Wednesday, December 21, 2011

Mountain Ash Snow Berries Fabric Postcards

I put the finishing touches on these around midnight last night. A last row of red stitching next to the satin stitched edges. (Click on photo for larger view.) They are now tucked in Christmas cards and on on their way...

Yes, I started with four, but that fourth one became a "prototype" of experimentation, trying to hit upon a thread color that pleased me. My meager collection of reds were all similar in value to each other and to the fabric they were to lie on. The rayon just didn't give the effect of berries that I had in mind, a dark brown was simply not right. If you look closely at mountain ash berries, you will see they are more orange then red, so I thought, aha! that orange polylite thread that has come in so handy lately will surely do the trick. But no, it too wasn't what I had in mind. (It's the lower three in the picture above and the center finished postcard in the top picture. You can see how it makes the red fabric look more orange than the same fabric stitched with reds.) I actually picked out the stitching on one semi-circle, no mean feat when you have double-stitched a circle with tiny stitches. It was a bad day at the office.

Then in conversation with a friend, two things happened. I was reminded of the technique of blending your own color by passing two different threads through the eye of the needle. And I remembered I had some red silk thread stashed away with my supplies for Baltimore Album blocks. There was a darker, almost reddish brown thread in there that on its own was too dark, but which toned down the red rayon just enough when paired with it to give more definition against the red fabric. (You can see in the previous pictures several of those blending trials with other thread colors.) The difference is subtle, but what I was looking for.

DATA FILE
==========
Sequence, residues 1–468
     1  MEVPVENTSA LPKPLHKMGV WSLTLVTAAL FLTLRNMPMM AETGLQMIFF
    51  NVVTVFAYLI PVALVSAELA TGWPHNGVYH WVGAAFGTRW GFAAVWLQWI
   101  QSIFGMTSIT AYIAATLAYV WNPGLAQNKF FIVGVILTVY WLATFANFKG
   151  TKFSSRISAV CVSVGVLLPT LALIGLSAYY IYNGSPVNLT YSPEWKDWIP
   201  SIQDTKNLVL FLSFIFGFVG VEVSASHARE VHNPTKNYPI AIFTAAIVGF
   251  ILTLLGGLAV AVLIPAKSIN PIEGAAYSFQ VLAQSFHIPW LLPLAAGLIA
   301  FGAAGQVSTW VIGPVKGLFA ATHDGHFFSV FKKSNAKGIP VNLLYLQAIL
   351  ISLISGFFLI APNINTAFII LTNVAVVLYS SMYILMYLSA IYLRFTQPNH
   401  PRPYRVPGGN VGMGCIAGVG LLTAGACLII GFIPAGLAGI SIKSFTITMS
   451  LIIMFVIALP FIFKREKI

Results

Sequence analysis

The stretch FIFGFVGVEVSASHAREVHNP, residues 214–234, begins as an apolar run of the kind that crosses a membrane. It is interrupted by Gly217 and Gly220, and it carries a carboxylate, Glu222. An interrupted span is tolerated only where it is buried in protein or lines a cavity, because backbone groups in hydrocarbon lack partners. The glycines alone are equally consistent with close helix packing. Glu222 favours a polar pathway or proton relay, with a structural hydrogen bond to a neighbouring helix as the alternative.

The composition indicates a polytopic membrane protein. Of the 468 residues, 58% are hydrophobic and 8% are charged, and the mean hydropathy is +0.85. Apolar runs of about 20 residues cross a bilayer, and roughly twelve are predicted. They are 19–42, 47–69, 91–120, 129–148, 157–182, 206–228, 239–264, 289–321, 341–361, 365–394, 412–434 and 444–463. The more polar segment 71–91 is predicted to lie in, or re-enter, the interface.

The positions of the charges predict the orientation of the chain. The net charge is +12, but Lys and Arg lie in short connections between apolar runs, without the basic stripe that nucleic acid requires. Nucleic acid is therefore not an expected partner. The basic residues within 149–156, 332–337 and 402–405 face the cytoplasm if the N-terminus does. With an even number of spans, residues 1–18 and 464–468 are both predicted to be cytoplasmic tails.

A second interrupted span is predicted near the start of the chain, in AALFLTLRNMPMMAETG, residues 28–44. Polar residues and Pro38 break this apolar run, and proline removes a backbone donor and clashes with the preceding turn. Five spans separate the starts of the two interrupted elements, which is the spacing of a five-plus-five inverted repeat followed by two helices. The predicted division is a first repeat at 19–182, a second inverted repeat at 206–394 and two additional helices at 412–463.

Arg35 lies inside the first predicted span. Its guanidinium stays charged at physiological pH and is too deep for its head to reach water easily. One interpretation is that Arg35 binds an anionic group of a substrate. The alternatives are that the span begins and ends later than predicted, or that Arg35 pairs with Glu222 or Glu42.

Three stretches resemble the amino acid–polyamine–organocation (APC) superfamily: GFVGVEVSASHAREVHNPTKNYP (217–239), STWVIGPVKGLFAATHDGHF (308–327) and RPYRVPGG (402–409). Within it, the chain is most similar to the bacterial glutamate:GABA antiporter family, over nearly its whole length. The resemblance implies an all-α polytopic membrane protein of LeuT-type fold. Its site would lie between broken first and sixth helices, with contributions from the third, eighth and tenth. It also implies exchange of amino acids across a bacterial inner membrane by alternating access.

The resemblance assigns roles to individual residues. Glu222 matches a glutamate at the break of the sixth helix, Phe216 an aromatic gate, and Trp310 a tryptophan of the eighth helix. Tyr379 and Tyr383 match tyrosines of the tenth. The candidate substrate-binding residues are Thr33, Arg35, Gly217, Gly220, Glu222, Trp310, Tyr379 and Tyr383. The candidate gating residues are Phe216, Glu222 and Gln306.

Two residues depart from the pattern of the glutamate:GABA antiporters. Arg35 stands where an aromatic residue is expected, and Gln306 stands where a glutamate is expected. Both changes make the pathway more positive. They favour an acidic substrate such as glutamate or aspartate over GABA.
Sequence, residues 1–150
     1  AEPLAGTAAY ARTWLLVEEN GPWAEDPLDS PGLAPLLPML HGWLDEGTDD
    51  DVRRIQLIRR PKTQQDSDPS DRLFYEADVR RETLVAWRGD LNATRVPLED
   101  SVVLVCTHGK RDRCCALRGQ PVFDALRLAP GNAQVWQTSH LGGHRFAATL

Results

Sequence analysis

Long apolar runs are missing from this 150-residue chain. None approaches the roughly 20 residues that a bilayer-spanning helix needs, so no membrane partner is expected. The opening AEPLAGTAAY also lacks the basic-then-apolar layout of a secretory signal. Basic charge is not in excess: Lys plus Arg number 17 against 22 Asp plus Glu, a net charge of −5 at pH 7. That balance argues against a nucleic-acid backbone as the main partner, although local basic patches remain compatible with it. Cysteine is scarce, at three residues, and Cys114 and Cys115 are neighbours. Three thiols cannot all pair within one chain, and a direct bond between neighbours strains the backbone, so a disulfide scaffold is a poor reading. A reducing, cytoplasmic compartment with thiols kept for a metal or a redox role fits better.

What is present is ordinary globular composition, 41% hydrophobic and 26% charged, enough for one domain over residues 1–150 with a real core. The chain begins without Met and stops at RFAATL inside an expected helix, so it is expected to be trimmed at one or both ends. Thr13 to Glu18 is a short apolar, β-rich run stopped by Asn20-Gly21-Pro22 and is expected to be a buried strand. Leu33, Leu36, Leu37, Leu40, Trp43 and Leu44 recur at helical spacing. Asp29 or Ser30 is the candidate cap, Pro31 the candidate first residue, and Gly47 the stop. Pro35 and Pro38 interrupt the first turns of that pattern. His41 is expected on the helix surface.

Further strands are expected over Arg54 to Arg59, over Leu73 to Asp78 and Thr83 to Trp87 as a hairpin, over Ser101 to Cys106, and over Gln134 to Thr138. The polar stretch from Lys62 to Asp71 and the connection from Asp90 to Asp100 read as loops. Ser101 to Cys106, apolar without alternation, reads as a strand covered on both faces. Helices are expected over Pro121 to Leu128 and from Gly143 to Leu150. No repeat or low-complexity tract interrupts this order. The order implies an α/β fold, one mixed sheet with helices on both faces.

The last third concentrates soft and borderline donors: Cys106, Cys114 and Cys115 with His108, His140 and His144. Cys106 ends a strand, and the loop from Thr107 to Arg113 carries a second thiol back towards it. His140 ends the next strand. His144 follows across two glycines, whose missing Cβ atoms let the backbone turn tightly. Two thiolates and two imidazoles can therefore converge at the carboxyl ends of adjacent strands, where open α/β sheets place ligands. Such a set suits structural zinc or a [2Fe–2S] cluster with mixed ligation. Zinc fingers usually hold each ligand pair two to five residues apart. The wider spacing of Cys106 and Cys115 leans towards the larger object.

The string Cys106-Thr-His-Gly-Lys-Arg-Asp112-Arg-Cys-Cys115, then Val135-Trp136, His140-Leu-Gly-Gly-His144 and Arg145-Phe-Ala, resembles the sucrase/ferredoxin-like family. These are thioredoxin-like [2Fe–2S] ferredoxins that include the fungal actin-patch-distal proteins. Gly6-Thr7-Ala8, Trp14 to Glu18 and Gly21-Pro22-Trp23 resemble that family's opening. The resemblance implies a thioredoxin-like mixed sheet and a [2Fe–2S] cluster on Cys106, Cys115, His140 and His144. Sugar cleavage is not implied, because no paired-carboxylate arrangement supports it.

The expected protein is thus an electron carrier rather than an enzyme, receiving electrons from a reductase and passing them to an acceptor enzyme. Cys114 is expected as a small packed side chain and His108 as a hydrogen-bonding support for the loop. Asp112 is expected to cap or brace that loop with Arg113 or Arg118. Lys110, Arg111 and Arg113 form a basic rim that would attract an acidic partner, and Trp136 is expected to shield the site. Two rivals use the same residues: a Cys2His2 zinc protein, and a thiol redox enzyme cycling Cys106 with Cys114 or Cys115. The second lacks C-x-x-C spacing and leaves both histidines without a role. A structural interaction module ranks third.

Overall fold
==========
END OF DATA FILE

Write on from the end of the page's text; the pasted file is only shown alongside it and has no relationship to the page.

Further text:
So what do you think? Is this a design idea worthy of further exploration in a larger format? I'm thinking yes. Got ideas or comments? Please share!

Friday, December 16, 2011

Mountain Ash Berries

Priorities scolded "no", the muses encouraged "yes". You can see who won out. Just had an overwhelming urge to start playing with this idea inspired by the mountain ash berries covered with snow. Too often I put off moving ahead with something so long that I lose the idea. Not this time. Besides, it's on my list of goals for the month.

And now I'm off to the reception for "Cabin Fever."

Thursday, December 15, 2011